No Sports At Charters? Good Teams Can’t Undo A Poor School

Charter schools in Detroit short on sports but most outperform on academics

National education writer and frequent critic of charter schools Diane Ravitch wrote in a Detroit News op-ed that she blames free-market reforms and charter schools for the problems in Detroit’s public school system.

Ravitch doesn’t dispute that the Detroit public school district is the worst urban school district in the country. The National Assessment of Education Progress has found it to be the nation’s worst in 2009, 2011, 2013 and 2015. Those reports are issued biannually.

Ravitch wrote: “Students should have a program that includes physical education and sports teams, dance, chorus, robotics, dramatics, videography, and other opportunities for intellectual and social development. That is what the best suburban communities want for their children. That’s what will work for the children of Detroit and the rest of Michigan.”

ForTheRecord says: Charter school opponents sometimes go to unusual lengths to find shortcomings. The vast majority of public charter schools in Detroit don’t offer sports programs, which was one item on Ravitch’s list of knocks against charters.

Instead, in a city where the vast majority of district schools fail to give students the education they need, most Detroit charters focus solely on academics, and apparently with some success.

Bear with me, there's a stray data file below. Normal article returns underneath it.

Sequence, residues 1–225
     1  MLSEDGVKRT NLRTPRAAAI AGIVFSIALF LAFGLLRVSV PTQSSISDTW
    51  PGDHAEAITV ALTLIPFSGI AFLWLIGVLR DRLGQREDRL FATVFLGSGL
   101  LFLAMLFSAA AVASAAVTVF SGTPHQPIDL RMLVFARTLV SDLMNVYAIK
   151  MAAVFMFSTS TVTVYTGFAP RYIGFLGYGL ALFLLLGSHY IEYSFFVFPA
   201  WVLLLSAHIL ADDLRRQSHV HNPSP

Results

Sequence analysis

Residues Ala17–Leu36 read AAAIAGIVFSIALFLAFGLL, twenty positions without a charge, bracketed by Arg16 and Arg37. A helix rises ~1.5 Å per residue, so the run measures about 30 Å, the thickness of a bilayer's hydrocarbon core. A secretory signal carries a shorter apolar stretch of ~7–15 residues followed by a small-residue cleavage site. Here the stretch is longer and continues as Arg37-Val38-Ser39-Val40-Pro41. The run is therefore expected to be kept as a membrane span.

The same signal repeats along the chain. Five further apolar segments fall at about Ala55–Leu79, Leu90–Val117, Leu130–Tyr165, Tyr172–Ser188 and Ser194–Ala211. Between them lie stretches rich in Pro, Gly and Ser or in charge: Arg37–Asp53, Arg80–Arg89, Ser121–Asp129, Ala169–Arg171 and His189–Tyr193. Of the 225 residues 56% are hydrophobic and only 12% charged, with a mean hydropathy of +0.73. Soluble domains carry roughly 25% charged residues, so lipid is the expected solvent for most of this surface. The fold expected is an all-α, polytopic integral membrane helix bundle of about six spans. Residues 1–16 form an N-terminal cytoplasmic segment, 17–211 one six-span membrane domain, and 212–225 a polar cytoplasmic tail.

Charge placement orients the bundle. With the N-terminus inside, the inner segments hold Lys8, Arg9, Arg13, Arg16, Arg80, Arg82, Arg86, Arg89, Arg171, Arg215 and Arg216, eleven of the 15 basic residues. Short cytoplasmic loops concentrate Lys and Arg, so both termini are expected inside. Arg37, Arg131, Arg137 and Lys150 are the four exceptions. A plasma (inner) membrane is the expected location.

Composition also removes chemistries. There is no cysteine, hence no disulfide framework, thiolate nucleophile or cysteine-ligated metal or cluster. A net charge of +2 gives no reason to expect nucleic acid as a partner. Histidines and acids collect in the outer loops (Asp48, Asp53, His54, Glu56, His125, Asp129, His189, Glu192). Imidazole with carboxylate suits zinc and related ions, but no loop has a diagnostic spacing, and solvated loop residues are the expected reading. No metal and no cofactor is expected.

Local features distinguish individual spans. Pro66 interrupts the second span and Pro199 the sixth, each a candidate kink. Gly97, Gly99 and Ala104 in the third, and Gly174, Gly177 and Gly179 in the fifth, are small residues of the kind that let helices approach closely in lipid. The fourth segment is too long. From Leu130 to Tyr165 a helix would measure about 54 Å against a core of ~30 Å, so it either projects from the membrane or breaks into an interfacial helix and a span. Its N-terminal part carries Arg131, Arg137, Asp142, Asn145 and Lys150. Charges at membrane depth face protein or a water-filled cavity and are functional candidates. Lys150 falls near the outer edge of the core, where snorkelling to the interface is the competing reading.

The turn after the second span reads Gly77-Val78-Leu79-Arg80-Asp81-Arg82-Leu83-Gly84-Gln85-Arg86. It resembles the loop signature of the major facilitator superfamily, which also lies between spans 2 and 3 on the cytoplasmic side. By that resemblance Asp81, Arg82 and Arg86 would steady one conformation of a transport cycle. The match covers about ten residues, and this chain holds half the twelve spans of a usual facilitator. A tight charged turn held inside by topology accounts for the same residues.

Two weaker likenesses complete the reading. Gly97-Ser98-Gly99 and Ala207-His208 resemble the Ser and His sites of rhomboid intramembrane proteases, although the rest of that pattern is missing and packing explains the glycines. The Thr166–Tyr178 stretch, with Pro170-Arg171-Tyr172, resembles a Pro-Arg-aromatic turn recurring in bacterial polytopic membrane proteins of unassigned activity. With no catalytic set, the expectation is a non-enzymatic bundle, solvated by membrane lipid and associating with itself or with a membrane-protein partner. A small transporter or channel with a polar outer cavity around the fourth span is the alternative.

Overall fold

The 2015 report by Stanford University’s Center for Research on Education Outcomes found that charter students in the city outperformed their peers, getting the equivalent of a few weeks to several months of additional learning in reading and math for every year spent in a Detroit charter school instead of a district school.

CREDO went further and said that Detroit’s charter schools should serve as a model for the rest of the country.

Meanwhile, there are a handful of Detroit’s conventional public schools that have been listed as the worst academic performers in the state for years, failing even when their scores are adjusted to account for socioeconomic factors.

The district’s Detroit Ford High School has been on the state’s list since 2010, and in 2011 its management was removed from the Detroit school district and placed under an “Education Achievement Authority” commission appointed by the Governor.. The school is still open — despite state and federal laws that were supposed to see such schools closed — and after five years under the Education Achievement Authority is now back under the control of the Detroit school district this year. Just 6.4 percent of Detroit Ford High School students who took the 2017 SAT tests were deemed “college ready.”

However, Detroit Ford High School’s boys basketball team did win the Class B state championship in 2016 and was runner-up in 2015.

Editor's note: This article was changed to include more details of the Education Achievement Authority's involvement.

Michigan Capitol Confidential is the news source produced by the Mackinac Center for Public Policy. Michigan Capitol Confidential reports with a free-market news perspective.